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Outside the picture, Easton trudged through the snow, size six bootprints imprinted behind him with every clumsy step. He climbed aboard the orange circle sled, eager to be pulled around our backyard, to be whipped around just for the hell of it. My father and I climbed aboard the quad. With a gloved hand, he stuck the key inside the ignition and gave it a twist, starting the engine. Click. My father put the four-wheeler in gear and started off, and as we pulled away the rope attached to the rear rack went taut. Behind us, Easton yelled, “Faster... faster... faster!” As we picked up speed, snow blew harder through the chinks of our jackets, numbing the exposed skin there. Our faces ballooned to a puffy red from the cold. I exhaled and a white cloud streamed from the hem of my mouth, abandoned in a trail behind us. My father shifted into fourth gear. His camo coat flapped in the wind and smacked against the open air like one end of a used bandaid come loose. I wrapped my arms tighter around my father so as not to fall off the quad, and I shifted my body, contorting it to get a view of Easton riding behind us. Easton’s sled glided over the snow gracefully, trailing in the predestined path my father set for him. Dad turned left, and Easton went right. Dad turned right, and Easton went left. Flash. From somewhere among all these lefts and rights, we ended up in our neighbor’s yard, albeit slightly. Around fall time, our neighbors had chopped down the majority of the trees in their backyard for firewood, to keep warm during the winter months. One of these forgotten and remaining tree stumps stuck out of the earth next to a garden of stones. I saw the stump, saw the stones. I thought them to be mere objects and no more, put in this world for no other reason than sustenance or beauty. They meant no harm. So I figured I didn’t have to tell my father to watch out for them and to steer clear; I issued not the faintest warning. My father’s next left turn drove Easton right, right next to the stump and rocks. The cord vibrated almost at once, reverberating back and forth as it caught the wood poking out of the ground. The rope slingshotted Easton from the sled, a sudden whiplash, and as he tumbled out he rolled over and over until coming to a complete stop. My father and I thought this to be hilarious. Oh yeah, we got Easton real good. The little man crashing, the sled tipping over— the moment hit us in bursts of drawn up laughter from deep inside our stomachs, our chests. And as soon as Easton would get up, he’d be laughing too, a smile full of snow and maybe a bit of dirt crescented in his teeth. It would make for a great picture. Snap. But as we pulled around on the quad, Easton didn’t get up. He didn’t move at all; only his clothes quivered in the wind. His outline remained splayed out in the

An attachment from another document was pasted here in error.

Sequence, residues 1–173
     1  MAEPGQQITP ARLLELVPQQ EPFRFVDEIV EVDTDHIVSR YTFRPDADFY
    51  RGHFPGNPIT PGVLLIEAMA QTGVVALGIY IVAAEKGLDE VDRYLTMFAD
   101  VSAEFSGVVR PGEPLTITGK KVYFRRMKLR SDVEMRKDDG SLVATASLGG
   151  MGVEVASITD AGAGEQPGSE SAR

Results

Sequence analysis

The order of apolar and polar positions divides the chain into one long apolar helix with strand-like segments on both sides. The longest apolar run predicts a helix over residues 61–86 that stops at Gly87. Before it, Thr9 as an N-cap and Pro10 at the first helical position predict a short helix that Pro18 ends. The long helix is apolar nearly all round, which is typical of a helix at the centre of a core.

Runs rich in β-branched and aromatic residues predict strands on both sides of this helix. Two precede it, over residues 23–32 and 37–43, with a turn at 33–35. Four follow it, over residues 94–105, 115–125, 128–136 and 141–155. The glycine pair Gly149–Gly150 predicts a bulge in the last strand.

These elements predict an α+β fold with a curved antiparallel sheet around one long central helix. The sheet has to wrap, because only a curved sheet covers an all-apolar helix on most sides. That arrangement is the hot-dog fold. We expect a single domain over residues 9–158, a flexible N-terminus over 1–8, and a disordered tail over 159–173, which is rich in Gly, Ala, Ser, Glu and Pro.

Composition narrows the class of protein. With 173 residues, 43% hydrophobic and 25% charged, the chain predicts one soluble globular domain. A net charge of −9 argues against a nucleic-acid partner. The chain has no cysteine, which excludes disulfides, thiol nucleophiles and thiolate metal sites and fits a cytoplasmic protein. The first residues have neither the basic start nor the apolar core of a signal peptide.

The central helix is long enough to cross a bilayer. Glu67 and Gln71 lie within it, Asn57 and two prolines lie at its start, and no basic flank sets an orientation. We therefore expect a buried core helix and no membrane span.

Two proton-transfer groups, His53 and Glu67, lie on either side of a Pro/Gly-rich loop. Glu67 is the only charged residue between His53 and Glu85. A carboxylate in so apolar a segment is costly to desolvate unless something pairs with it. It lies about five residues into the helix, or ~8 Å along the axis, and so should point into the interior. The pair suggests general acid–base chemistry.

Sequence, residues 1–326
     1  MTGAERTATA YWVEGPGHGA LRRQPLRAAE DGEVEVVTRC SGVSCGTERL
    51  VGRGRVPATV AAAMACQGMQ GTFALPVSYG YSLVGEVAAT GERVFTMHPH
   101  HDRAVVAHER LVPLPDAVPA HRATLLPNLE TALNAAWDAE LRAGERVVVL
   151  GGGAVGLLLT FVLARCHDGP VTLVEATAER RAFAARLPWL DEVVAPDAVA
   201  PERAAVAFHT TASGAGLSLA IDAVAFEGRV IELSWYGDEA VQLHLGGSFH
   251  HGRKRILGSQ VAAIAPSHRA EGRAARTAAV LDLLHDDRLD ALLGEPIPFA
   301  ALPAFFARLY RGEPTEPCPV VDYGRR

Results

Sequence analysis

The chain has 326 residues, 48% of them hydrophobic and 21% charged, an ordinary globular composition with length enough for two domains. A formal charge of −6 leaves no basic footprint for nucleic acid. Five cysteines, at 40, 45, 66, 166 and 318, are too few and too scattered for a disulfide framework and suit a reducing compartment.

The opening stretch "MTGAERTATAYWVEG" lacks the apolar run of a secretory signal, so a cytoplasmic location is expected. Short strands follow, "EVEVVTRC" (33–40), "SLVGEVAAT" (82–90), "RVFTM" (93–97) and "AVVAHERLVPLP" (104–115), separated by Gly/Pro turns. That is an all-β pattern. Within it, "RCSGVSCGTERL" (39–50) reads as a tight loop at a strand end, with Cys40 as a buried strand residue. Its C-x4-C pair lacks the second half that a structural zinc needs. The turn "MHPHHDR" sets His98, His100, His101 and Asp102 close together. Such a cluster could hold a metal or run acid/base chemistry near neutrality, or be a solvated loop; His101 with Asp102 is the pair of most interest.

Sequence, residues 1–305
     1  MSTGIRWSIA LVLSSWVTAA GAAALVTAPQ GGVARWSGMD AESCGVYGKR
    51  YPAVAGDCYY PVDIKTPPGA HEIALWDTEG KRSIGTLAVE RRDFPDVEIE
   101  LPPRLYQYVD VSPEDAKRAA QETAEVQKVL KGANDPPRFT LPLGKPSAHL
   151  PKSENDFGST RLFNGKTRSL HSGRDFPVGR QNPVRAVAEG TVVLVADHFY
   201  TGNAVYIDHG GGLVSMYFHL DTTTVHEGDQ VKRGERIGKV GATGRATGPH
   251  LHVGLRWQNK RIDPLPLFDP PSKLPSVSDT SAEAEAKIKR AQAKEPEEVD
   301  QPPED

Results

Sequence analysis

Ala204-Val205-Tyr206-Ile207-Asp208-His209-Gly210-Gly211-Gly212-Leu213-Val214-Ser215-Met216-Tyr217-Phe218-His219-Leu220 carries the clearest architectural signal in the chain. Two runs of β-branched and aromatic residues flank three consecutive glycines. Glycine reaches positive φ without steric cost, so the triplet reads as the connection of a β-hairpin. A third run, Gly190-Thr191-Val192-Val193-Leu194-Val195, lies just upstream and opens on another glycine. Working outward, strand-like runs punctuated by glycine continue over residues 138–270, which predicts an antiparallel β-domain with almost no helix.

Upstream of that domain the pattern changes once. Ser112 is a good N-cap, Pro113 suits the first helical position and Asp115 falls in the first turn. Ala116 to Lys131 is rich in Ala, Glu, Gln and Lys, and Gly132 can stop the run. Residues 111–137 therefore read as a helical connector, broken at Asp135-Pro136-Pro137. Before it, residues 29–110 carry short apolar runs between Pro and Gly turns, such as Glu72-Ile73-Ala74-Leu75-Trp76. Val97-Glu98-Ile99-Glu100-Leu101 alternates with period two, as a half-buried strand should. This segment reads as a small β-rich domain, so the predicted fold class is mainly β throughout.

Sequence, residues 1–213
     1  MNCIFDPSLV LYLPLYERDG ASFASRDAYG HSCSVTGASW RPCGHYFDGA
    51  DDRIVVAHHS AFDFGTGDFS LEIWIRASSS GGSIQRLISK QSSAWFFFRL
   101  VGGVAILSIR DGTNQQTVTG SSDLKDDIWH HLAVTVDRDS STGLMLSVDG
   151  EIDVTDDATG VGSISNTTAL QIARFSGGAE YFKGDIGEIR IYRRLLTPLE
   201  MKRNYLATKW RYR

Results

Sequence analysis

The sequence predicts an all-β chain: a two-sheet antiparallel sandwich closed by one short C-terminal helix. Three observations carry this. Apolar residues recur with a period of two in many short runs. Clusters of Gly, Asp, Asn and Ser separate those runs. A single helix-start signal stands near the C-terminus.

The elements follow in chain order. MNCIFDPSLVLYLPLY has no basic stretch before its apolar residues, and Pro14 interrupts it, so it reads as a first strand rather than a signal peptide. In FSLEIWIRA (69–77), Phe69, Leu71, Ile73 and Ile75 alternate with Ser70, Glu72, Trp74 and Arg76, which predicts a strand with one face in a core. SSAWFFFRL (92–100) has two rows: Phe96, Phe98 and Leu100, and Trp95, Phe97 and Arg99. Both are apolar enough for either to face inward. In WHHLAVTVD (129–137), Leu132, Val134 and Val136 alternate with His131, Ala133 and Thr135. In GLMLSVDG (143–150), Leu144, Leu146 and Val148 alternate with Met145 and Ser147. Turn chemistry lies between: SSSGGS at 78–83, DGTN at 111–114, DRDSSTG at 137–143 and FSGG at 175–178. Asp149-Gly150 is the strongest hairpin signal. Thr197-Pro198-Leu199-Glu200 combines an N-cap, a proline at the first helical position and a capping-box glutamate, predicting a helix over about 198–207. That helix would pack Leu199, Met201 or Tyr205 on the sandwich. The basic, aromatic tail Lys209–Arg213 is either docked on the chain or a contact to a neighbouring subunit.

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snow, as if he were an angel on a dissecting table. The wind whistled through his coat, a husk of human skin underneath. My father called, “Easton?” He drove closer and turned off the quad’s engine, saying, “Easton?” And then we were off the four-wheeler, running. The snow gave way to our footsteps, the white accumulated flakes crunching beneath us. An acidic taste formed in my mouth, and I spit. With each footfall, my father kept saying, “Easton?” Now upon him, we could see the blanked-out expression on Easton’s face, glazed over with his eyes wide, unbelieving. His rollercoaster-ride arms flared out in both directions above his head, his legs following suit. Dad grasped Easton’s shoulder vise-like and shook him, saying, “Easton?” A droop of yellow-brown goop dripped out the side of the little man’s mouth. “Easton?” My father lifted Easton’s head and a stream of blood ensued, emitting a crimson red into the snow. Dad dropped Easton’s head to the ground, my father’s eyes fully dilated, and he whispered, “Easton.” Dad turned to me and said, “This isn’t good.” No snap. No flash. No click. No shit? More yellow-brown fluid flowed out of Easton’s mouth, and I wanted to roll him over so he wouldn’t choke to death, but if I lifted his head more blood would’ve spurted out of the cranial wound. It was as if there was a choice in all this— he could either choke on his own blood or bleed out. Beside Easton, the stump and rocks were both covered in red. His hands hovering over the little man, he said, “I’ll go get help. Stay with him.” I nodded, and just as my father got up to find a savior, Kristen ran towards us with her camera swinging around her neck, screaming. She screamed, “Oh God, there’s so much blood…” And my father yelled, “Honey, call 9-1-1!” I was alone with Easton while my father calmed down his wife. I reassured Easton, mostly reassuring myself, saying, “You’re gonna be fine. God’s not gonna let you die today.” More blood filtered out the back of his head, staining the snow. “You’re gonna be just fine.” I felt as though I was speaking with the dead. It scared me. Somewhere between all the reassurances the paramedics arrived, sirens blaring as they rolled down our gravel driveway. Two EMTs threw open the doors and opened the back of the ambulance to retrieve a gurney from inside. Kristen was still vomiting her voice box so the paramedics said, “Ma’am, we need you to calm down.” The EMTs brought the gurney over to Easton without much immediacy, and when they rolled him over, another stream of yellow-brown fluid tumbled down the side of his mouth. A large spray of pomegranate-colored juice fell from his head wound, so much so that it seemed like the wound encompassed the entirety of the back of his head.